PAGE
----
Monotype recently announced the newest member of its Typeface family: Metro Nova, the modern rebirth of a once popular typeface that fell out of use in the 20th century. Type designer Toshi Omagari updated the design to expand its usefulness to meet a wide range of digital requirements. Metro Nova appeals to today’s design sensibilities without sacrificing the essence of the original.
The new Metro Nova typeface honors the “duplexed” nature of the original design – a pair of styles, such as roman and italic, drawn with matching individual character widths. The new typeface eliminates stylistic restrictions, yet maintains the design’s character with refined proportions.
Metro is heralded as one of the first humanist sans serif designs – American creator William A. Dwiggins’ counterpoint to European sans serif faces such as the Futura and Kabel families.
We sat down with Monotype designer Toshi Omagari to talk more about Metro Nova and its re-creation.
Q: Metro Nova is based on a once-popular typeface that fell out of use. Tell us more about the font, and what inspired you to bring it back?
A: William Addison Dwiggins designed the original Linotype Metro typeface. Dwiggins was a calligrapher, book designer, writer, type designer and marionette maker in the early part of the 20th century. He’s even credited with coining the term: “graphic designer.” In one of his articles, he criticized Linotype for lacking good sans serif typefaces within its offering. The director of typeface development at Linotype saw the article and challenged Dwiggins to draw a good sans serif. This is how he started his career in typeface design. The Metro typeface, released in 1929, was Dwiggins’ first.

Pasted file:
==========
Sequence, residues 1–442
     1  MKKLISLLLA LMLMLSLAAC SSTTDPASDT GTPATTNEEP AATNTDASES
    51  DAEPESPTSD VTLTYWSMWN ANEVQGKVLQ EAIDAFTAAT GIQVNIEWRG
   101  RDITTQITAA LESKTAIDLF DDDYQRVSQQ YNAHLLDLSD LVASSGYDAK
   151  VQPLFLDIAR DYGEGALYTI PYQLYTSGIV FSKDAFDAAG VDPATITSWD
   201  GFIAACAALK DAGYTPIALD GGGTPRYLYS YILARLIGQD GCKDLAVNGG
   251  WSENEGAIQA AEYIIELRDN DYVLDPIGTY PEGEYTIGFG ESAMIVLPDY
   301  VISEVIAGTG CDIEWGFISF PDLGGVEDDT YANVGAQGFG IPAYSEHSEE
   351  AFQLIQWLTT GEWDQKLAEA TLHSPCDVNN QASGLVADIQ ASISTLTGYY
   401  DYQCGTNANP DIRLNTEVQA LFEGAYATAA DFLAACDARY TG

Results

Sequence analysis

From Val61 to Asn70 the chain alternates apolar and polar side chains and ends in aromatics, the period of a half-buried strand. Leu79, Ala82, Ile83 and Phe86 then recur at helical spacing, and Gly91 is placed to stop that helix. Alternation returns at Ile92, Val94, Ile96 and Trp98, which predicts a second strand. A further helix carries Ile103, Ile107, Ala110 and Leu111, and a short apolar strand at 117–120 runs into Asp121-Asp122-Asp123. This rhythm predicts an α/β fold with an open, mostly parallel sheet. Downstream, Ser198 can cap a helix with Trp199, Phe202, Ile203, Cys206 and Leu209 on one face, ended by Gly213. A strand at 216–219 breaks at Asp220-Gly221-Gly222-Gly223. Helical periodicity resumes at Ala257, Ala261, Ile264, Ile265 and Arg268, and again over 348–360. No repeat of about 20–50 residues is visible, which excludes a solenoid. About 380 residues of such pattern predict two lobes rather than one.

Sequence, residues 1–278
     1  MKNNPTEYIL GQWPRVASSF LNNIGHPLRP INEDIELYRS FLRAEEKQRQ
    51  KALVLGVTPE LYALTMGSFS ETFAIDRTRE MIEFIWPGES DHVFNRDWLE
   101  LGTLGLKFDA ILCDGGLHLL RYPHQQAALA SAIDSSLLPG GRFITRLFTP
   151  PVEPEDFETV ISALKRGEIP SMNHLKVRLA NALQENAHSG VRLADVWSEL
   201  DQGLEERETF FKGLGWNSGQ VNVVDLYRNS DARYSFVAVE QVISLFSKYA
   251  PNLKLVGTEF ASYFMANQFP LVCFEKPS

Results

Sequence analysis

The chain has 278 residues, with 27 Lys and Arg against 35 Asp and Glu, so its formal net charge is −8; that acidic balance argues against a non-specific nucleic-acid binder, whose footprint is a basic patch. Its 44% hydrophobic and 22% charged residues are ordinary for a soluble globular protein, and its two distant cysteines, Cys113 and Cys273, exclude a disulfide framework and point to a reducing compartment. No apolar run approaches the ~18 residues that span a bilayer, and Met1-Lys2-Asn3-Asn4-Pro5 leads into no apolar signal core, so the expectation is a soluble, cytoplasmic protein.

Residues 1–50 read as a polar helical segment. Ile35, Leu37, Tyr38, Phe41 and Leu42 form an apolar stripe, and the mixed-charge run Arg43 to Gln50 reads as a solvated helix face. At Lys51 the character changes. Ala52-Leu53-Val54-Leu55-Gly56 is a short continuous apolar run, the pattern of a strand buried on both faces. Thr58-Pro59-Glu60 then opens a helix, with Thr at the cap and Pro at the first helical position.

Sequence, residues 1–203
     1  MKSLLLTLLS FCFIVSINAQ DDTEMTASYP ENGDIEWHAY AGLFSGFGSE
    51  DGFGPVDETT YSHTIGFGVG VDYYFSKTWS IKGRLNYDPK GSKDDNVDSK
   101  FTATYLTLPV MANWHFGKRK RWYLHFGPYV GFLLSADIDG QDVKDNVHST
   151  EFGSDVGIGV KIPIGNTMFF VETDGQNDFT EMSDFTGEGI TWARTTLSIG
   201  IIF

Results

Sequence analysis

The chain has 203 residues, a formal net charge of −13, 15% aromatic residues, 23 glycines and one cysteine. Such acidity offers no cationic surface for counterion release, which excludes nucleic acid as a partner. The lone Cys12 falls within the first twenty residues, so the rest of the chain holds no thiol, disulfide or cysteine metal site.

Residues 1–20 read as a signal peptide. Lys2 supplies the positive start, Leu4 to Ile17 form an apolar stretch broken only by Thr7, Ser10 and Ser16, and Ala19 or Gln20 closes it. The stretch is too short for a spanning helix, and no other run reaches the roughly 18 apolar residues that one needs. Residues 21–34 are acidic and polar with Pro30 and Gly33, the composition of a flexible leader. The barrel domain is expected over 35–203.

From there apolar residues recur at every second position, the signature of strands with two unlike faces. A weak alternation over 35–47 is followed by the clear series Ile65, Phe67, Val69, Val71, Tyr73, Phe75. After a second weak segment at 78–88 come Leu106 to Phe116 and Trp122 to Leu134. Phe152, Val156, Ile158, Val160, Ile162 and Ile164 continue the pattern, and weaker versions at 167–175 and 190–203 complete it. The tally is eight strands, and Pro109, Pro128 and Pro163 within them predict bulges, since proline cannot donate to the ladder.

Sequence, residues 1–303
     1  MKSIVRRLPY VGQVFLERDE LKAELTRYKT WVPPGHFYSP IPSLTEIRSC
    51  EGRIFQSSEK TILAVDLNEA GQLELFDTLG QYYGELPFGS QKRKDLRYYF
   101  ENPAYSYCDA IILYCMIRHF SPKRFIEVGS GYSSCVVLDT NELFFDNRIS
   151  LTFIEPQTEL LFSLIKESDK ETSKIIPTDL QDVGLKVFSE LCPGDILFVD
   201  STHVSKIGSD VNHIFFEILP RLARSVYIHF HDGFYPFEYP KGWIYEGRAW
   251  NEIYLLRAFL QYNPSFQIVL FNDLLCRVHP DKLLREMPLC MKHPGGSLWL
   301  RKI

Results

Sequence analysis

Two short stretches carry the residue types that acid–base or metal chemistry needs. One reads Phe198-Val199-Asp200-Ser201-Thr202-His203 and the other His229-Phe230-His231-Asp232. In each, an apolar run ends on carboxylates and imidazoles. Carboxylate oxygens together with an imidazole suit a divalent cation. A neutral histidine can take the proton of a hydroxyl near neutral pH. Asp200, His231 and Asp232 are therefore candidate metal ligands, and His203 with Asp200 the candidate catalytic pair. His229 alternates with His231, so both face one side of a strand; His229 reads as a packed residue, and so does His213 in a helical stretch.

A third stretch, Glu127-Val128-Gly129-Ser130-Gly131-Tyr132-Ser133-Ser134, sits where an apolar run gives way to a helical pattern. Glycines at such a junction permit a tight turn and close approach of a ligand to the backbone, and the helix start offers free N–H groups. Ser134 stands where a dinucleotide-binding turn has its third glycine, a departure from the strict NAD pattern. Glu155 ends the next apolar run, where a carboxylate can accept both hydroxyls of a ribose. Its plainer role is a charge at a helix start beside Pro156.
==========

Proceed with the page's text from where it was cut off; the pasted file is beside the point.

A few years later, in response to requests from printers of the day to make the face look like the Futura typeface (an important competitor to Metro), a few characters in the original design were altered. The altered version, Metro 2, had become the default set and the original characters became alternates, which could be obtained by special order. Since the early 1990s, however, only the Metro 2 characters were available – until I finally revived the originals in my design.
Doug Wilson, the director of “Linotype: the Film,” discovered the original Metro drawings in the archives of the Museum of Printing in Massachusetts. He wanted to use that typeface in the film and contacted me about making a digital font. This was the first time I had seen the original characters and drawings. I felt that they were so much better than Metro 2, and I agreed to make a new digital font with these characters. This small project led to the major revival of Metro.
Q: What was your process in recreating this typeface? Did you have any roadblocks or interesting moments while creating?
A: Although I love the original Metro typeface, after careful study I realized that it was not as good as I had imagined. It had all the mechanical restrictions that the Linotype drawing studio had to comply with. One is the duplexing of letters across other weights; for example, the letter “m” in Metro Lite was of the same width as the “m” in Metro Black. The darker weights of the original Metro were drawn narrower than I’m sure Dwiggins would have wanted. As a result, the bold designs had to be drawn more condensed than what would be their normal full-bodied proportions. Removing these compromises, while retaining the spirit of the design, was the most challenging part. I tried to think like Dwiggins, and tried to recreate what he would have done if he were alive today. It was like channeling the designer, which was the most interesting part of the revival project.